Myths of entrepreneurs

Let me list some of the more familiar myths about entrepreneurship and then venture into the realities behind these myths.

Entrepreneurs are born, not made…

The reality is that entrepreneurs are born with certain native intelligence, a flair for creating and energy these talents by themselves are like unmolded clay or an unpainted canvas. The making of an entrepreneur occurs by accumulating the relevant skills, know-how, experiences, and contacts over a period of years and includes large doses of self-development. The creative capacity to envision and then pursue an opportunity is a direct descendant of at least 10 or more years of experience that lead to pattern recognition.

Anyone can start a business…

Entrepreneurs who recognize the difference between an idea and an opportunity, and who think big enough, start businesses that have a better chance of succeeding. Luck, to the extent it is involved, requires good preparation. And the easiest part is starting. What is hardest is surviving, sustaining, and building a venture so its founders can realise a harvest. Perhaps only one in 10 to 20 new businesses that survive 5 years or more results in a capital gain for the founders.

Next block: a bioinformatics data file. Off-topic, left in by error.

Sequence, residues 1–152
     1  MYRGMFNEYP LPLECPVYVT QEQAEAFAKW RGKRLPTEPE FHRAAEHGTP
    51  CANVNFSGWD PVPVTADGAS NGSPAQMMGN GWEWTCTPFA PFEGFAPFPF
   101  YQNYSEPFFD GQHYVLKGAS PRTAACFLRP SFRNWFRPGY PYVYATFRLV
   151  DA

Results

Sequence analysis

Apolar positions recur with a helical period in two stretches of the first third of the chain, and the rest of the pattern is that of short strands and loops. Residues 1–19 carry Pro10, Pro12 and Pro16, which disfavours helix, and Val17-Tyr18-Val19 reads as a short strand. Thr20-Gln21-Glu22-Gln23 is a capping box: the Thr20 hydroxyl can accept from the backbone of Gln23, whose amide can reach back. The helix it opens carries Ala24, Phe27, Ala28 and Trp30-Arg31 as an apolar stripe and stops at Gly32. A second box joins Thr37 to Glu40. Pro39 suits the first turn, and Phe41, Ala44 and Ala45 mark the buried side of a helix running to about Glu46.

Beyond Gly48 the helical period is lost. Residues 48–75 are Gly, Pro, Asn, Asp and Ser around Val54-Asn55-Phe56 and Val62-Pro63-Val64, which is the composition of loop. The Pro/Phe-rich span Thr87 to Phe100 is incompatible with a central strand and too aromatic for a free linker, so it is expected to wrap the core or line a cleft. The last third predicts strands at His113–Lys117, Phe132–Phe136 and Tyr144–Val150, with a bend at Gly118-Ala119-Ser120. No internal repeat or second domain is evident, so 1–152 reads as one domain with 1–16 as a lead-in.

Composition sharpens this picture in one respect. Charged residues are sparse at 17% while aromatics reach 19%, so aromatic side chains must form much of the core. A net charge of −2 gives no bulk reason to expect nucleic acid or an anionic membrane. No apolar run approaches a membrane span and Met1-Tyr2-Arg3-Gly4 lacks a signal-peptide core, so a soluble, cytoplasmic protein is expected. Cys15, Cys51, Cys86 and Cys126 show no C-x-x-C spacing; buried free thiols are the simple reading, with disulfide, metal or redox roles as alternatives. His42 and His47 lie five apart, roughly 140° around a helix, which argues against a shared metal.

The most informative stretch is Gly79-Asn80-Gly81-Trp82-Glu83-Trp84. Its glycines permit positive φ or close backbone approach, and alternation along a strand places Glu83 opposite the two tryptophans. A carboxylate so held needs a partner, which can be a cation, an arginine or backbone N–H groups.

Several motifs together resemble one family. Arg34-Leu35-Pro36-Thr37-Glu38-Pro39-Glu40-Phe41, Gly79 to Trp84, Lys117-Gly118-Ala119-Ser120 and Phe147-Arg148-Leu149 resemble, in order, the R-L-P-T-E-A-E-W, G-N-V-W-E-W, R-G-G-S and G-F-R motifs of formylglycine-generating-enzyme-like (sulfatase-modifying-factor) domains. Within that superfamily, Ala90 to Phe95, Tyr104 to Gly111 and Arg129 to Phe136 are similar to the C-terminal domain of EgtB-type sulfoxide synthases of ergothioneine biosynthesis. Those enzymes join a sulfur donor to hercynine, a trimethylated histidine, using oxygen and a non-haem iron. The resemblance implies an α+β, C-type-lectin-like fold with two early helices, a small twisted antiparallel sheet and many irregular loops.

Entrepreneurs are gamblers…

The reality though is that successful entrepreneurs take very careful, calculated risks. They try to influence the odds, often by getting others to share risk with them and by avoiding or minimizing risks if they have the choice. Often, they slice up the risk into smaller, quite digestible pieces, only then do they commit the time or resources to determine if that piece will work.  They do not deliberately seek to take more risk or to take unnecessary risk, nor do they shy away from unavoidable risk.

Entrepreneurs want the whole show to themselves.

Owning and running the whole show effectively puts a ceiling on growth. Solo entrepreneurs usually make a living.  It is extremely difficult to grow a higher potential venture by working single-handedly. Higher potential entrepreneurs build a team, an organization and a company. Besides, 100 percent of nothing is nothing, so rather than taking a large piece of the pie, they work to make the pie bigger.